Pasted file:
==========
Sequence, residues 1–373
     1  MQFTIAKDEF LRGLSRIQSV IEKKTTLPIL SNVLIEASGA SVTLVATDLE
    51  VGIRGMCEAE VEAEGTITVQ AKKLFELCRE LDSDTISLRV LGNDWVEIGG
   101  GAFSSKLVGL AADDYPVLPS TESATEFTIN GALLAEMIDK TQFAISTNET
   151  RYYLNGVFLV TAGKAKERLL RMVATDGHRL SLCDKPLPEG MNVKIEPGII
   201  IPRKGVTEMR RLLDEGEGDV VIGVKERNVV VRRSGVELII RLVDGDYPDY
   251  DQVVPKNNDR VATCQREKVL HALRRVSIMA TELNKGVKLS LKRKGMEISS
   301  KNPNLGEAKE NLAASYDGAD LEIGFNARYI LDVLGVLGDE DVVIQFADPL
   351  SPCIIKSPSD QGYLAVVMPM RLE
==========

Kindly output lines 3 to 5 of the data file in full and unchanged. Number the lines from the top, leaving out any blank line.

    51  VGIRGMCEAE VEAEGTITVQ AKKLFELCRE LDSDTISLRV LGNDWVEIGG
   101  GAFSSKLVGL AADDYPVLPS TESATEFTIN GALLAEMIDK TQFAISTNET
   151  RYYLNGVFLV TAGKAKERLL RMVATDGHRL SLCDKPLPEG MNVKIEPGII